If you’ve been considering Facial Feminization Surgery (FFS), you’ve likely searched everything about it on the internet and probably have read many opinions about who should perform your surgery. Should it be a plastic surgeon? What about a craniofacial surgeon? How about an oral & maxillofacial surgeon? Would a general surgeon suffice or perhaps a dermatologist who took a course in plastic surgery? The latter may be easy to rule out when it comes to facial feminization surgery. But, the others require that the patient be more informed in order to avoid being led down the primrose path.
You could probably guess that if a surgeon wants to start performing FFS, he might declare that his specialty is the only one you should consider and that the training that came along with it makes him perfectly suited to perform such a complex set of procedures. Many of these surgeons are hoping that you won’t ask how long and how often they have been performing FFS.
So, what do all of these various titles refer to? Let’s review them:
Plastic Surgeons are MD specialists who perform medical procedures designed to alter or restore the body’s shape or form. Though cosmetic or aesthetic surgery is the most well known kind of plastic surgery, plastic surgeons are also trained in reconstructive surgery, craniofacial surgery, hand surgery, microsurgery, and in the treatment of burns. In most countries, plastic surgeons must complete medical school followed by a residency in general surgery and finally a residency in plastic surgery. Due to these two separate residency requirements, a doctor can’t be a board-certified plastic surgeon until several years have passed after medical school. It’s a long and tedious process.
Oral & Maxillofacial Surgeons specialize in treating both the hard and soft tissues of the mouth, jaws, and face. In the United States and Canada, oral and maxillofacial surgery is considered to be a subspecialty of dentistry. Oral surgeons are most familiar to Americans as the doctors who surgically remove wisdom teeth and implant certain types of dental hardware. But, they are also trained in other procedures such as treating the misalignment of the jaws & teeth as well as correcting cleft lips & palates. Doctors who pursue this specialty must first complete dental and/or medical school, depending on the country, followed by an oral & maxillofacial residency program. In the United States, both dentists and doctors may train to be board-certified oral & maxillofacial surgeons.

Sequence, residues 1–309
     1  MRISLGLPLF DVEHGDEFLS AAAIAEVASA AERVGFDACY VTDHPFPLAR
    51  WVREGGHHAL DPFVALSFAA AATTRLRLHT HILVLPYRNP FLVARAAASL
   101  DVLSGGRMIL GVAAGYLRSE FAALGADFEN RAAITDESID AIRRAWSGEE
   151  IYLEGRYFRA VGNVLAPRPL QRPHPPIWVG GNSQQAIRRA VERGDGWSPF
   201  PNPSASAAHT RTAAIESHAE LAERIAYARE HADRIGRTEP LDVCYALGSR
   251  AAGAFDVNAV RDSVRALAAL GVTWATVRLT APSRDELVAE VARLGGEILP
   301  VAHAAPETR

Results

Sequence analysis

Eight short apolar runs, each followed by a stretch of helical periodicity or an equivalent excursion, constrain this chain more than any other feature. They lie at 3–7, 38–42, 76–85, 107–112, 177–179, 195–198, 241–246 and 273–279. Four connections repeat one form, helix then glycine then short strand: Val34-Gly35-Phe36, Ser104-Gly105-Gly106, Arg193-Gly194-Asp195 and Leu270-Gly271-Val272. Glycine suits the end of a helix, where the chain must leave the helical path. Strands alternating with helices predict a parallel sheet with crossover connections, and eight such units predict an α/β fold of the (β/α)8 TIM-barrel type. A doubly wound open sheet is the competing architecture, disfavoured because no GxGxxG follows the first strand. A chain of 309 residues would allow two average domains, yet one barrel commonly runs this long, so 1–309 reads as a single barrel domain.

Craniofacial Surgeons treat deformities of the jaws, head, neck, face, teeth, and associated areas. These surgeons are typically plastic surgeons, oral & maxillofacial surgeons, or otolaryngologists (ENT’s). Once they are board-certified in one of these specialities, they then choose to practice as a “fellow” under another surgeon or surgeons who already specialize in craniofacial surgery. The length of the fellowship varies and most countries do not have a board that oversees this.
Cosmetic Surgery is a procedure done for aesthetic or cosmetic purposes rather than for a functional or reconstructive reason. Many of the surgical specialities that we just reviewed deal with cosmetic surgery in some way. But, what about doctors who call themselves cosmetic surgeons? The truth is that any licensed doctor can offer procedures meant to improve one’s appearance. This is not prohibited in most countries, including in the United States. For this reason, you’ll sometimes find general surgeons, dermatologists, and general practitioners using the cosmetic surgeon title and offering common procedures like liposuction and breast implants. These types of doctors would be very unlikely to offer specialized surgeries such as FFS.
How do these different medical specialties and titles relate to Facial Feminization Surgery and which type of surgeon should you choose? First and foremost, you should realize that FFS is a rare specialty performed by a very small percentage of global surgeons. The vast majority of plastic surgeons and oral/maxillofacial surgeons are not likely to have gained much experience with FFS during their residency programs. By the same token, most craniofacial surgeons are unlikely to learn FFS during their fellowships. This is because only a small handful of teaching surgeons from any of these specialities performs Facial Feminization Surgery. More often than not, experience in FFS is gained by interested surgeons after he or she is in well into private practice and begins exploring more advanced procedures while pulling from everything learned and experienced in the operating room. The surgeon slowly gains experience and progresses to more advanced and difficult procedures, often consulting with other surgeons and medical literature along the way. This is how the late Dr. Stanley Biber got his start performing Sex Reassignment Surgery in a small town in Colorado.
So, how does one choose when so may surgeons claim to be the most qualified? You should begin by verifying that any surgeon you are considering is board-certified as a plastic surgeon or as an oral & maxillofacial surgeon. If they cannot direct you to an independent website for the appropriate boards, move on. More importantly, you should find out just how much experience the surgeon has performing Facial Feminization Surgery. Would you want a surgeon with any of the above specialties who has just a couple of years of FFS experience?
In short, verify experience with FFS as well as training. One doesn’t mean all that much without the other.